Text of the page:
According to a recent report by the Institute of Medicine, nearly 1/3 of all American children under the age of 18 are overweight or obese, and that number has grown by 10% every decade for the last 30 years. Not surprisingly, the two most common direct causes are routinely acknowledged to be consuming too many calories and/or too little physical activity. A disturbing trend in declining physical activity has been driven by the popularity of sedentary activities such as TV viewing, video game playing and social media interaction. Unfortunately, most schools are not helping much either, as physical education classes and recess time continue to dwindle. Need more evidence? Visit any playground or ball park after school or on a weekend to witness the lack of children in ‘free play’.
So what’s a conscientious parent to do to insure their child grows up with a firm respect for the need to be fit and healthy? Well, like most other values that children learn, the earlier the better. And, of course, parental role modeling, commitment and involvement are essentials as well. But therein lays a tremendous win-win too! Daily involvement in your child’s exercise program not only helps to improve their health and fitness, but it will also benefit you. And, in addition to the obvious physical fitness rewards, there are significant bonding benefits as well. Here are ten ways to promote exercise within your family.
1. Buy each member of your family an inexpensive pedometer and set a daily goal of 10,000 steps or more per person (less for younger children) – make this fun by encouraging competition and offering fun awards for daily, weekly or monthly achievement.
2. Establish a daily exercise ‘routine’ for each member of your family that is scheduled and non-negotiable – make this fun for your children by allowing them to help choose their designated time and activity and to ‘track’ their results on a calendar.
3. No time to exercise? Cut out at least one hour of TV each night, go to bed an hour earlier and get up an hour earlier – the average child in America watches 25 hours of TV per week – their parents are watching nearly 35 hours per week – watch less and exercise more!
4. Establish a regular weekend routine that includes family hikes, jogs, bike rides, paddling or swimming – make this fun for your children by choosing a different destination or activity each weekend.
5. Set a family goal to complete a minimum number of ‘walk/run’ events together each year – make this fun by occasionally choosing events in family friendly areas that are new to your family.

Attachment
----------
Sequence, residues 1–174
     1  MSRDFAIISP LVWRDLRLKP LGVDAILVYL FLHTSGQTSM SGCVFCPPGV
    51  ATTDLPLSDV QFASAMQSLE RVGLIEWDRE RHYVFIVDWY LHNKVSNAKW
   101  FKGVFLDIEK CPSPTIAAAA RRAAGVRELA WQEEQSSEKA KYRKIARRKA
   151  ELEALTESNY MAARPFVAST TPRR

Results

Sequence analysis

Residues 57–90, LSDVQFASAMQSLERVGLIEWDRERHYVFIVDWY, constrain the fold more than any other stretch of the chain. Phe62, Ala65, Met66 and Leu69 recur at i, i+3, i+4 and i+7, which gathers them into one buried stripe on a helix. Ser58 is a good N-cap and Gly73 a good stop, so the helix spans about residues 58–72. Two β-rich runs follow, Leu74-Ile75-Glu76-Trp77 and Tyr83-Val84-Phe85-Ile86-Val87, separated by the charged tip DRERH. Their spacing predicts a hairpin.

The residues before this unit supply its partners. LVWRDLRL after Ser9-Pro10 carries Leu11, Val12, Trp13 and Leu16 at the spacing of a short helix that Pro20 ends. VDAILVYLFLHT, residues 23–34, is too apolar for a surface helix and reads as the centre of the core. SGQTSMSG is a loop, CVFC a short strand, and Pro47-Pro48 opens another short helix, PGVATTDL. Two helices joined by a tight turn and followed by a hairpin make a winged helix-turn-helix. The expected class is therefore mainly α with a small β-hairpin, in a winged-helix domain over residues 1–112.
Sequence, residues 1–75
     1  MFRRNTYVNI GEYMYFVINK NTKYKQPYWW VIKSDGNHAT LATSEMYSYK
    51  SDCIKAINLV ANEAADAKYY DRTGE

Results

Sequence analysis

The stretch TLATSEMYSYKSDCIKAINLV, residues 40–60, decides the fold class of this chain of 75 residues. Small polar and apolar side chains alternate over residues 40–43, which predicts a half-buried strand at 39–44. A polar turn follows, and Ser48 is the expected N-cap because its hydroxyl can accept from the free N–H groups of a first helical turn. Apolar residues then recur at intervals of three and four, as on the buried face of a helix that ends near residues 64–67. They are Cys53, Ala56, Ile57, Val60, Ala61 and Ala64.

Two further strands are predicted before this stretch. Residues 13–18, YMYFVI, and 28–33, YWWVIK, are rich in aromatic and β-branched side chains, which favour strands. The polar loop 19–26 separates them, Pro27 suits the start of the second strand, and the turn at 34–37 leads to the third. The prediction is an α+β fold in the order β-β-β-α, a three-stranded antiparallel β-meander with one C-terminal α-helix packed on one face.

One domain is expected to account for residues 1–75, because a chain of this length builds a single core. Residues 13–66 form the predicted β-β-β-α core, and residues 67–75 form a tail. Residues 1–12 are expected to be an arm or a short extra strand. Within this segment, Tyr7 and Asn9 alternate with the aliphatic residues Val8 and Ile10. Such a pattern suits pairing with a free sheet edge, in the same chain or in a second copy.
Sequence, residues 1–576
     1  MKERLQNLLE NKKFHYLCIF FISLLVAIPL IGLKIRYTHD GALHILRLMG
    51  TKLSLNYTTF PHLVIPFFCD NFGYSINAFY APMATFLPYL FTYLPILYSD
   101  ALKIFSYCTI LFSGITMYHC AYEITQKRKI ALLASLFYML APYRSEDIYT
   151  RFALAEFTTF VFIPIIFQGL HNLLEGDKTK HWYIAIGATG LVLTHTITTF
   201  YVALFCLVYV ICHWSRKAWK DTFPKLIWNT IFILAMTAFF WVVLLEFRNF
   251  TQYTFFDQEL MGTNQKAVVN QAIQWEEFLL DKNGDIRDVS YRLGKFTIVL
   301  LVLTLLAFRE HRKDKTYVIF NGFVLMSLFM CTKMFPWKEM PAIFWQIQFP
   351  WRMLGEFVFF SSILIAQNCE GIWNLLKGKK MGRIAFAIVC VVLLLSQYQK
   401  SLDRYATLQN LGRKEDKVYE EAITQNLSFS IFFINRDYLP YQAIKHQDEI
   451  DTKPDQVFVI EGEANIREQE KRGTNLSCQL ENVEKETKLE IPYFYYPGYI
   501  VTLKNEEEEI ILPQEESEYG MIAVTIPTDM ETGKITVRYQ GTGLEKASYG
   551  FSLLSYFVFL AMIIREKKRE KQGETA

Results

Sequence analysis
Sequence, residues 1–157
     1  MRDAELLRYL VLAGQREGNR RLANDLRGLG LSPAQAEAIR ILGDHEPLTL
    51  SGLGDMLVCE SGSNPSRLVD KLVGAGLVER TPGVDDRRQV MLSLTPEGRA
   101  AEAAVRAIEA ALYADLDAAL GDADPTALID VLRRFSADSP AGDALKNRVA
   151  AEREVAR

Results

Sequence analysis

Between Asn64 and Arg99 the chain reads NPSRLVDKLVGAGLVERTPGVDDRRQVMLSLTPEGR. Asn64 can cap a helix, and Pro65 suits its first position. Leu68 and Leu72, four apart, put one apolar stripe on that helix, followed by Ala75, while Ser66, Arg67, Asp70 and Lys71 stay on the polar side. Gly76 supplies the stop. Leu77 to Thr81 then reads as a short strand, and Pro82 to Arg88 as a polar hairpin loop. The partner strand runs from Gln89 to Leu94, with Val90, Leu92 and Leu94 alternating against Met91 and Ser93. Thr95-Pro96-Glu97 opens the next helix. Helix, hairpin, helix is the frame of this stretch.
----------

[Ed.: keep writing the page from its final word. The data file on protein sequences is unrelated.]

6. Watching a long TV movie or sporting event together? Use the ‘pause’ button to take an ‘exercise break’ or to get outside and simulate the game you’re watching.
7. Use the car less and your feet more – whenever possible, walk, bike or jog instead of ride – don’t let your children get ‘hooked’ on motorized transportation. If you do need to drive, park as far as safely possible from your destination – don’t send the wrong message to your children by lazily cruising parking lots looking for spaces ‘near the door’.
8. On long trips; build in walks, hikes or jogs along the way – use a map to find safe and convenient pedestrian areas or parks along your route – a great way to improve your sightseeing experience as well.
9. Join a family friendly fitness center – there are nearly 30,000 health clubs in America and most offer a wide variety of affordable exercise options for families – go to http://www.healthclubs.com to find a club near you.
10. Not sure where to start…take a walk! Of walking, Dr. Catrine Tudor-Locke of the American Academy of Sports Medicine says, “There are certainly many forms of cardiovascular exercise that improve health and fitness, such as running, cycling, and swimming. But, from the perspective of finding a great exercise program for the most number of people, walking is the best bang for your buck.” And, done with your child, walking provides a wonderful bonding experience as well.
Doug Werner is a vice president for Glastonbury, CT based Healthtrax Fitness and Wellness and the author of ‘Abbie Gets Fit‘, a children’s book chronicling the true story of his nine year old daughter’s fitness transformation. He is a 35-year veteran of the fitness industry and a recipient of that industry’s Distinguished Service Award. Doug can be reached at firstname.lastname@example.org .